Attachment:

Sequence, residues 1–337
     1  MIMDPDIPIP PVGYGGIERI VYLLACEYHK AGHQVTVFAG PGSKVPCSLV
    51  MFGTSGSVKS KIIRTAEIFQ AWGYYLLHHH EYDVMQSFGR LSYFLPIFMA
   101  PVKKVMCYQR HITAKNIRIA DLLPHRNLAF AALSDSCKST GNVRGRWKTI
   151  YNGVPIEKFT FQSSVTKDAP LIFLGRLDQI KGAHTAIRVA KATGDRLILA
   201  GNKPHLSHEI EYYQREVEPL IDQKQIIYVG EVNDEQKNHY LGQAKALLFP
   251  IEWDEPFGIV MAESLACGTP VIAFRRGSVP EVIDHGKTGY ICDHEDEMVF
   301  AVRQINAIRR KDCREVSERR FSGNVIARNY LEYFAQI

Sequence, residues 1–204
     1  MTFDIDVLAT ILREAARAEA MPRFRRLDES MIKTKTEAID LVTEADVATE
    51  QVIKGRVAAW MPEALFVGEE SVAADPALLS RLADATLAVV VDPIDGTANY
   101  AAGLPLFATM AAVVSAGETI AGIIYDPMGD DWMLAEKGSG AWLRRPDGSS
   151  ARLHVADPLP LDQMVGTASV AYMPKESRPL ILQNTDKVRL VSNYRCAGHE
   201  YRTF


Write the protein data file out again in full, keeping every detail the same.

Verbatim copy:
Sequence, residues 1–337
     1  MIMDPDIPIP PVGYGGIERI VYLLACEYHK AGHQVTVFAG PGSKVPCSLV
    51  MFGTSGSVKS KIIRTAEIFQ AWGYYLLHHH EYDVMQSFGR LSYFLPIFMA
   101  PVKKVMCYQR HITAKNIRIA DLLPHRNLAF AALSDSCKST GNVRGRWKTI
   151  YNGVPIEKFT FQSSVTKDAP LIFLGRLDQI KGAHTAIRVA KATGDRLILA
   201  GNKPHLSHEI EYYQREVEPL IDQKQIIYVG EVNDEQKNHY LGQAKALLFP
   251  IEWDEPFGIV MAESLACGTP VIAFRRGSVP EVIDHGKTGY ICDHEDEMVF
   301  AVRQINAIRR KDCREVSERR FSGNVIARNY LEYFAQI

Sequence, residues 1–204
     1  MTFDIDVLAT ILREAARAEA MPRFRRLDES MIKTKTEAID LVTEADVATE
    51  QVIKGRVAAW MPEALFVGEE SVAADPALLS RLADATLAVV VDPIDGTANY
   101  AAGLPLFATM AAVVSAGETI AGIIYDPMGD DWMLAEKGSG AWLRRPDGSS
   151  ARLHVADPLP LDQMVGTASV AYMPKESRPL ILQNTDKVRL VSNYRCAGHE
   201  YRTF